CHAPTER 8 - The Pharisees Brought Satan To A Synagogue Near You

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Part of the answer as to where the obfuscated doctrines about Satan and Hell came from, lies in remembering the Pharisees were a sect that started only about three or four hundred years earlier than the time of Christ. It is not common knowledge that many of the doctrines of the Pharisees had developed from a group called the Parsees or Parsis (pronounced par-sees). A “Parsi” was a Persian Magi and professed all of the Persian ideology as it pertained to the cosmic dualistic system of a good God and an evil God both existing. As stated previously, numerous mystical doctrines were introduced to the people of God from the Parsis who eventually became the Pharisees. One such doctrine is the Immortal Soul Doctrine. Kaufman Kohler tells of the notion of the Immortal Soul Doctrine coming from nations other than the Hebrew nation. Many of the doctrines of Christianity and Judaism are borrowed from other religions.

The doctrine of the Immortality of the Soul is widely different than the belief in Resurrection and was adopted only by the Hellenistic Jews who followed Plato’s philosophy, as did the Medieval Jewish philosophers.[45]

Kohler is careful to explain that the possible state of eternal compensation or punishment for those who are not receiving their due in the earthly life was sought-after information by the Hebrews. The answer that filled the intellectual void created by the question of afterlife consequences would be imparted to them through the Persians and other nations that purported a system of what Kohler calls, “Retribution in the hereafter.”

The Aryan nations the Hindoos and the Persians, however, besides the Egyptians, set up and fashioned the world of Retribution in the hereafter. The Hasidim, under the Persian regime, adopted it, seemingly as an Apocalyptic or secret lore, and from then it was transmitted to the Pharisees, and at first probably kept within an esoteric circle.[46]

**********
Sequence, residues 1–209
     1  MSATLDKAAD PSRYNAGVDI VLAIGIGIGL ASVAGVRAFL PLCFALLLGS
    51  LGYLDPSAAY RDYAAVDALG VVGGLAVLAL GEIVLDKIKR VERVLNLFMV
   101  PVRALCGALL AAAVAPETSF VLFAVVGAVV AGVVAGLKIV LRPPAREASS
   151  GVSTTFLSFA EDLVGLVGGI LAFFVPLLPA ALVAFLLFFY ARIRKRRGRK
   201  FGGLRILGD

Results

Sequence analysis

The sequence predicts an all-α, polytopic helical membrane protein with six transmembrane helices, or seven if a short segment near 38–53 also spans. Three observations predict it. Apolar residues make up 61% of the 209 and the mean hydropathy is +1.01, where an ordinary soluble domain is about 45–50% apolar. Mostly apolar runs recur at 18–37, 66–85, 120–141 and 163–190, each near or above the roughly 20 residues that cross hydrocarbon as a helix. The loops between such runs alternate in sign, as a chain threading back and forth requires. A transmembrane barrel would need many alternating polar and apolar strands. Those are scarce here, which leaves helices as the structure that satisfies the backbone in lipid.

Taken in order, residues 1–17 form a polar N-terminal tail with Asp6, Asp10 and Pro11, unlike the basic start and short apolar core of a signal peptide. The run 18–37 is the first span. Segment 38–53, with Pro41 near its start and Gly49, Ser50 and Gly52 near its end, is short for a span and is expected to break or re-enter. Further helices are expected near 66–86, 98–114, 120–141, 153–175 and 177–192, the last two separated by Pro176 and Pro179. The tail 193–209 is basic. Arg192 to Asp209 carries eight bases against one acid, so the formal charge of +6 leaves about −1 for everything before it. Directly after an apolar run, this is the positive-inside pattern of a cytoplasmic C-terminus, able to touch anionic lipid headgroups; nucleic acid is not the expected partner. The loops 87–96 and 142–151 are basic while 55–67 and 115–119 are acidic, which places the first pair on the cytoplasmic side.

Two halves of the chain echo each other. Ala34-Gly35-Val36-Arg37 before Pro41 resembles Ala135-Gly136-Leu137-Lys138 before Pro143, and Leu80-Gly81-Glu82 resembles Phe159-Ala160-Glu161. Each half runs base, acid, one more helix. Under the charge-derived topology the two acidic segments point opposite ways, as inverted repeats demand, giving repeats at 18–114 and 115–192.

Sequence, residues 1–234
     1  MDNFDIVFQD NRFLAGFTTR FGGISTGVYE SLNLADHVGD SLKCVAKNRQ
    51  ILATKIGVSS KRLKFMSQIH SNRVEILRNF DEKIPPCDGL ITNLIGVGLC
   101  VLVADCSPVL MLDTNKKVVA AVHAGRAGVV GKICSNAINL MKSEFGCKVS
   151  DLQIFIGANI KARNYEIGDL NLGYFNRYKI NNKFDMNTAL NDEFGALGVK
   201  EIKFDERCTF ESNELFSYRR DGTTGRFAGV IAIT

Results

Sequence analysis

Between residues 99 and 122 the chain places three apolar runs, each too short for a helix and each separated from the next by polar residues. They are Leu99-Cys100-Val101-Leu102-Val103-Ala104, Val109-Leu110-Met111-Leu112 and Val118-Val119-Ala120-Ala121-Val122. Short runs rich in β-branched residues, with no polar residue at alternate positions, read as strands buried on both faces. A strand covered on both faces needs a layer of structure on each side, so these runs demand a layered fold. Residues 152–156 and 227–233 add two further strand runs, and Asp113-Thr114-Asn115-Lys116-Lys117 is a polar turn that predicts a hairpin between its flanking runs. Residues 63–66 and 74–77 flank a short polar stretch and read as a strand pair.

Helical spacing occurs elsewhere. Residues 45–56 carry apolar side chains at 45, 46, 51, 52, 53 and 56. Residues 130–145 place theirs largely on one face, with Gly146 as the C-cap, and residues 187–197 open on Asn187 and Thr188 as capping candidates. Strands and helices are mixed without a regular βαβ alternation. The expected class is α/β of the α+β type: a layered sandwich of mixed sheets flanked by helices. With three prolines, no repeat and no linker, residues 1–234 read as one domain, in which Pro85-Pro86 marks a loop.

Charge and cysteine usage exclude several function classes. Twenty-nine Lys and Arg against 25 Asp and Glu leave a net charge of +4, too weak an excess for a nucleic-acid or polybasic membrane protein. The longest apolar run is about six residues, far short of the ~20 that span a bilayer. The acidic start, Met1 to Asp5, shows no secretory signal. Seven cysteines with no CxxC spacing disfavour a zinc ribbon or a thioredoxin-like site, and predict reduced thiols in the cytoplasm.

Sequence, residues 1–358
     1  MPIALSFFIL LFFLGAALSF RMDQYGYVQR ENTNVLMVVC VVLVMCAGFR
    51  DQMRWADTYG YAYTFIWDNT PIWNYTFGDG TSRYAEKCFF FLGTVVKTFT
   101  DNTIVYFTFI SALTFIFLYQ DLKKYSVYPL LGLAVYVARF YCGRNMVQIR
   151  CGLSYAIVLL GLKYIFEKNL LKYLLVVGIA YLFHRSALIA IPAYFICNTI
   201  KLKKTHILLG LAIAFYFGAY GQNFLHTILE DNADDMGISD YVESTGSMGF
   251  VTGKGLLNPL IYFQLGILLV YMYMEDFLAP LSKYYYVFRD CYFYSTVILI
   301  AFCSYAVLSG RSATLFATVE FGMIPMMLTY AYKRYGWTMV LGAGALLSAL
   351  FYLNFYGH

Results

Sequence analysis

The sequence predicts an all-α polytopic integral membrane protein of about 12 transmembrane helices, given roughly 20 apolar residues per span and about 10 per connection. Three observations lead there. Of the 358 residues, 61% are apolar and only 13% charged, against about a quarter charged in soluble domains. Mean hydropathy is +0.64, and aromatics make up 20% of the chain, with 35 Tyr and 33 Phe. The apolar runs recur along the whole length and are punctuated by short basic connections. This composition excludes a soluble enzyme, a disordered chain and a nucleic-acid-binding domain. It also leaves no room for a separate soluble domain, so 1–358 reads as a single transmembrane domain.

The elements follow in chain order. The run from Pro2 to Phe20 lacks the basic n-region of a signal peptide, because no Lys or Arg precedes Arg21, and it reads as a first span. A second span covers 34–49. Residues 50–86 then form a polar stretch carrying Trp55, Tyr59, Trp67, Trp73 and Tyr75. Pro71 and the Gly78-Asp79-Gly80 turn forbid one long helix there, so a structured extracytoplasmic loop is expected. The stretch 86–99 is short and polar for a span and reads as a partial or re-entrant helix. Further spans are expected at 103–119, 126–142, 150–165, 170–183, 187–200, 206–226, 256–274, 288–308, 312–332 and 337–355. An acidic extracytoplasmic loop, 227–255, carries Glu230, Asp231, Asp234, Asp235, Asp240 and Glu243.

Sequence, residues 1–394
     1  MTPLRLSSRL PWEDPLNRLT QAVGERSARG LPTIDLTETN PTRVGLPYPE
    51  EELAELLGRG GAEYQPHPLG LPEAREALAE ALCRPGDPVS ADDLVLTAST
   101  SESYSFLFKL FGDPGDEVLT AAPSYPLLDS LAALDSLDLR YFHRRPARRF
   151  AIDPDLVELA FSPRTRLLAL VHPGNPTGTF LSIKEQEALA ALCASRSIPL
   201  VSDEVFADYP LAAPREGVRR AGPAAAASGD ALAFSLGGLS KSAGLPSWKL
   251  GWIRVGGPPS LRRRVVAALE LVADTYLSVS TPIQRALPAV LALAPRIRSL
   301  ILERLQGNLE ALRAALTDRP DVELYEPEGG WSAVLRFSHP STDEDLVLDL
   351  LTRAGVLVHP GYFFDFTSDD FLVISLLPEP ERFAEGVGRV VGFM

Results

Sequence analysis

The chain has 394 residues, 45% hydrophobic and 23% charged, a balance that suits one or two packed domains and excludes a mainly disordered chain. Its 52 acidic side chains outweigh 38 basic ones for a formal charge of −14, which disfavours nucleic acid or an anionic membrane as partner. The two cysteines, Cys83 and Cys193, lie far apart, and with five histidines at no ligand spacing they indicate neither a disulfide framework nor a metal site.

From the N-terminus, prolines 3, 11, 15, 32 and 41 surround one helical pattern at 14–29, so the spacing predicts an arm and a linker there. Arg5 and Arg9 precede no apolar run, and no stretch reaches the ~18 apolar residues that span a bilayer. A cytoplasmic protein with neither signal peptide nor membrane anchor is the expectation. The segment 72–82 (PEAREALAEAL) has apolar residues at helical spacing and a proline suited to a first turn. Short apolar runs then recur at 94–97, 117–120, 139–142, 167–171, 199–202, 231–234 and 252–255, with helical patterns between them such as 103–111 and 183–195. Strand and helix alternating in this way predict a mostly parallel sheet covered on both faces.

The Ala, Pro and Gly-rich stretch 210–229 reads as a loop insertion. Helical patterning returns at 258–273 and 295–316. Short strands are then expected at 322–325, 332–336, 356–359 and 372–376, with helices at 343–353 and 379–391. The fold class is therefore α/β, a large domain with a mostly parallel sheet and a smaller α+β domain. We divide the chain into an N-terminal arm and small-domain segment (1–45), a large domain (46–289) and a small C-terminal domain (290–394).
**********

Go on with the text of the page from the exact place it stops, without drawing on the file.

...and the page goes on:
The group that believed these afterlife ideas was a large component of the scholarly class of Hebrews who left Persia after the exile and returned to Jerusalem. It is no wonder Cyrus was so eager to send the “Jews” back to rebuild the Temple. Going out from his kingdom were a group of people, which included the group eventually to become the Pharisees. This was an educated group who had received, in the truest sense, the concepts of the Zoroastrian dualistic religion and had added them to their ancient Mosaic belief system. Cyrus was not threatened by the return of the exiles as he saw quite clearly that their beliefs were of little consequence to his own because many of the scholarly class of the returning exiles held a dualistic philosophy just like the Persians. Adding to the ancient pathways that came from Yahweh was prohibited by the Mosaic Law, but subtle Persian influence was no match for the will and constitution of large numbers of Jewish exiles. As the main body of intellect responsible for transmission of the Torah, the Psalms, and the Prophets, these Pharisees were not diligent to keep the dualistic philosophy learned in exile from mixing with their previously balanced and monotheistic theology. So the transmission of the Law was no longer pure, the Pharisees, who were really recipients of mystic information that came down to them through a line of Persian Magi called Parsi, wove false in with the true and error in with that which was correct. In “The Origins of the Synagogue and Church” Kohler writes of the Pharisees and the development of their eschatology and ideology. He tells how they assimilated some of the Persian belief system;